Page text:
Clinical Evaluation of Foot, Knee, and Hip Measures Relative to Patellofemoral Pain
Baellow, Andrea, Education - Curry School of Education, University of Virginia
Saliba, Susan, CU-Kinesiology, University of Virginia
Patellofemoral pain (PFP) is one of the most common knee pathologies in active individuals. Interventions on PFP have shown positive short-term outcomes, but long-term outcomes are less compelling. We do not have a complete understanding of the underlying factors contributing to the development of PFP. Research on risk factors for PFP is vast and has identified many factors, most of them stemming from impairments at the hip. However, it has been hypothesized that there are factors more distally that may also be affecting control of the knee during functional tasks. There is a need to evaluate the foot and ankle to understand the morphological characteristics in individuals with PFP, and to evaluate how measures at the foot and ankle may be contributing to lower extremity movement patterns. These factors may aid in the construction of more comprehensive intervention studies to better the clinical management and outcomes of this condition. Therefore, the purpose of this study is to gain an understanding of the role the intrinsic foot muscles play in individuals with PFP, and how clinical measures (strength, range of motion, and alignment) at the hip, knee, foot, and ankle are related to clinically evaluated functional movements that are typically aberrant and cause pain in those with PFP.
We identified that the cross-sectional area of the abductor hallucis was smaller when individuals with PFP and healthy controls were compared. However, no difference in size or quality of the flexor digitorum brevis or quadratus plantae, as well as no difference in foot postures were identified between groups. While weight bearing on a single limb, the PFP pathologic group presented with a smaller IFM that provides eccentric control of the medial longitudinal arch, which may have implications up the chain during weight bearing functional tasks. Upon evaluation of dynamic balance, individuals with PFP performed with poor dynamic balance on a novel balance task; the dynamic leap and balance test (DLBT), compared to the healthy group. However, healthy individuals and individuals with PFP performed similarly on the common start excursion balance test (SEBT). DLBT should be evaluated, in conjunction with the SEBT, in individuals with PFP. If there are balance deficits present, evaluation of the mass, hip external rotation rom, hip flexion strength, and size of the abductor hallucis muscle may help guide clinical intervention. During a single leg squat, individuals with PFP did not have the same dysfunctions causing aberrant frontal plane knee motions. Implementing a contraction of the intrinsic foot muscles and a contraction of the gluteal muscles provides valuable information for clinical evaluation and intervention, and may be helpful in treating patients with PFP. We identified that a thorough clinical evaluation of the full lower extremity in those with PFP can give clinicians and researchers useful information to design more effective impairment-based rehabilitation programs.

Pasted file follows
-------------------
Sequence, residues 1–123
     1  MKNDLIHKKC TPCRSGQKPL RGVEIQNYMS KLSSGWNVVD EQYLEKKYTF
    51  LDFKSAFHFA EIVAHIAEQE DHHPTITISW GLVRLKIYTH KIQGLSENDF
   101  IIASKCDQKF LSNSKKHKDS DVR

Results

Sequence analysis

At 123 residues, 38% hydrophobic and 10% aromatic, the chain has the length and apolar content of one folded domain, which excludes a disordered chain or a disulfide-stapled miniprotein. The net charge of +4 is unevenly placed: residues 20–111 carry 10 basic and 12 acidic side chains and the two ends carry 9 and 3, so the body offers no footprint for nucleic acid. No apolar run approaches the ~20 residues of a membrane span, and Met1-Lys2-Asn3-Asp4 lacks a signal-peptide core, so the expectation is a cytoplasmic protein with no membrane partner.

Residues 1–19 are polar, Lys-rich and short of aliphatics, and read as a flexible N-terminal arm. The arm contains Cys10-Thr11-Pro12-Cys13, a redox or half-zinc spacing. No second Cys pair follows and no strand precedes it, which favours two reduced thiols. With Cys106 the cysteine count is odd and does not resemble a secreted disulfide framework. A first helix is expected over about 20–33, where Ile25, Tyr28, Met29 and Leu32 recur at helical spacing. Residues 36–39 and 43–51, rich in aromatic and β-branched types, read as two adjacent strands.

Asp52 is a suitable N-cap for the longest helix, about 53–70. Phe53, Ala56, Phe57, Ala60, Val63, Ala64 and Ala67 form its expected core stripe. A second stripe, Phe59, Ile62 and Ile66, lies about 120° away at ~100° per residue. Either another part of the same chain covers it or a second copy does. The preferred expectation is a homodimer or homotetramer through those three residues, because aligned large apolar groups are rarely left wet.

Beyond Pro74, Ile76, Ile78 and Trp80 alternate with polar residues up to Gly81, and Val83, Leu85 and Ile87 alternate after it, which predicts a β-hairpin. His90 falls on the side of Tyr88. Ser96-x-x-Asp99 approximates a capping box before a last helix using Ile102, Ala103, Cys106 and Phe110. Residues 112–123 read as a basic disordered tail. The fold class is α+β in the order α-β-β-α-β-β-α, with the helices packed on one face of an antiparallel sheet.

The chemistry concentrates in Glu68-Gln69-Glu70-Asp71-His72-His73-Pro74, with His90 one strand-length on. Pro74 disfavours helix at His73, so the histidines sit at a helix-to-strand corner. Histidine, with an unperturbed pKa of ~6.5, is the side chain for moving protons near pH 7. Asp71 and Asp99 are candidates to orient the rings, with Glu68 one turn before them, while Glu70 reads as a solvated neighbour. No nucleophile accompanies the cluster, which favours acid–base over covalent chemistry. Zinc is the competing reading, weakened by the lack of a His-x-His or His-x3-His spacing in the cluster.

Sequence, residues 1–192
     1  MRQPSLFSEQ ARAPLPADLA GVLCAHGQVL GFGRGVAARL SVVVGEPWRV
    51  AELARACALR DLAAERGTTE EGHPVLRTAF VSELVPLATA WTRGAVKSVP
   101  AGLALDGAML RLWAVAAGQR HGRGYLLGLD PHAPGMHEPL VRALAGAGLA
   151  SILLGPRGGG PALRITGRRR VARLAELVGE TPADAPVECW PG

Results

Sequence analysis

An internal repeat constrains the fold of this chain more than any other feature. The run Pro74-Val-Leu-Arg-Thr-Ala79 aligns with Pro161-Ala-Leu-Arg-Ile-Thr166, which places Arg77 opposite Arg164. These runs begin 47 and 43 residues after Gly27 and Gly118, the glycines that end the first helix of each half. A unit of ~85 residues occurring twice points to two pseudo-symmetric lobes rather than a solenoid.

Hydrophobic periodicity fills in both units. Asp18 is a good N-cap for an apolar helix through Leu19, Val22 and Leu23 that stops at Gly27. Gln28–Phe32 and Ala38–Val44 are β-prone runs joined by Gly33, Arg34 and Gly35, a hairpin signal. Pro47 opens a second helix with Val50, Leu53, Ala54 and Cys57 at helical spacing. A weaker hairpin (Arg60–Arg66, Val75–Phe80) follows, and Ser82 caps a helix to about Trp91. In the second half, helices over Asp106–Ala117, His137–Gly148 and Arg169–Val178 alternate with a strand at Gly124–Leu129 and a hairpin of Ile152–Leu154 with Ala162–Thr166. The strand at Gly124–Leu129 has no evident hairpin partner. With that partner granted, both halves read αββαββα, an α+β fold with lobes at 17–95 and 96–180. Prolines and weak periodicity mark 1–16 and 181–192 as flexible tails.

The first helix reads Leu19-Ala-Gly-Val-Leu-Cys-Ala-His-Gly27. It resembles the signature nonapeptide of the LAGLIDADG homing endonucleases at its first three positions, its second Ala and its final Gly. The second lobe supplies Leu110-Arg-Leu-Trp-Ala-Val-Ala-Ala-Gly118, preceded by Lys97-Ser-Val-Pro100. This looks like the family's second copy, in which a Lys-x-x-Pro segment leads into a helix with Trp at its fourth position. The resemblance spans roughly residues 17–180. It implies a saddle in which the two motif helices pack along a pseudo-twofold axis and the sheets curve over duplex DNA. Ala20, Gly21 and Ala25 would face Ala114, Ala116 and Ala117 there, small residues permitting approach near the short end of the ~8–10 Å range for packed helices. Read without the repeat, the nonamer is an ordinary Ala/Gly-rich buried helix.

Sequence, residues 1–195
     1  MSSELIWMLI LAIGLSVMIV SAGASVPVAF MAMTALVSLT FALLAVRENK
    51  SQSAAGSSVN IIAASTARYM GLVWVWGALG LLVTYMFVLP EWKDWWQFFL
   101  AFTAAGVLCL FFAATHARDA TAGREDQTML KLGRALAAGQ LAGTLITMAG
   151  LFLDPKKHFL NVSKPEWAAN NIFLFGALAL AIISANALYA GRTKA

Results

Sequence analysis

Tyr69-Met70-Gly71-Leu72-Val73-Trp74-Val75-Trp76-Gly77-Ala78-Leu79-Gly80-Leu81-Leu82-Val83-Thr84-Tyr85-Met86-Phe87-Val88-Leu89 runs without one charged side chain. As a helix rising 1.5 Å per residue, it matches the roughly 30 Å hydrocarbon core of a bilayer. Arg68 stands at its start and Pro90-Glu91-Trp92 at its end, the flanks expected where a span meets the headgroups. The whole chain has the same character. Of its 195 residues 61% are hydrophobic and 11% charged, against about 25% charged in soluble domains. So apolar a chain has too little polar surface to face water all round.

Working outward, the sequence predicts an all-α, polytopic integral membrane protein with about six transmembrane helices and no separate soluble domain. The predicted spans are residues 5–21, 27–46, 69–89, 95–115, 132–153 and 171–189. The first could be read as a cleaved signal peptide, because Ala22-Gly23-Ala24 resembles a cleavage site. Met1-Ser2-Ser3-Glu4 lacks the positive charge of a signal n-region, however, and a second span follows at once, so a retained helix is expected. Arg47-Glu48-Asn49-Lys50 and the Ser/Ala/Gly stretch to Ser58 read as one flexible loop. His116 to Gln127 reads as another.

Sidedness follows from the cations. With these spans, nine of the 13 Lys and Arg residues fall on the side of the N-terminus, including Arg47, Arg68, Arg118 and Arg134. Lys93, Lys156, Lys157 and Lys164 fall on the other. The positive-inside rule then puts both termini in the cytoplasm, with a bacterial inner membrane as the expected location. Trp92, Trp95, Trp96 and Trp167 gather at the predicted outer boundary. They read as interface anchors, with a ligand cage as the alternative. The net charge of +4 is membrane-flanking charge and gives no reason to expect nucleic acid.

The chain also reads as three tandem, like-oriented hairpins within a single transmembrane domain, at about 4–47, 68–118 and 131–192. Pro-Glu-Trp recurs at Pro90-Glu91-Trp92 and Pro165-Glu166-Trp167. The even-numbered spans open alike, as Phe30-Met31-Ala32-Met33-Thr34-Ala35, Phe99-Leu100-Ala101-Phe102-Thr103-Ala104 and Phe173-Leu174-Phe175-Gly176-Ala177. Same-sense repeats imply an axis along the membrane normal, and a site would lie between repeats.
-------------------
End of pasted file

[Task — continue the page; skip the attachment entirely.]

PHD (Doctor of Philosophy)
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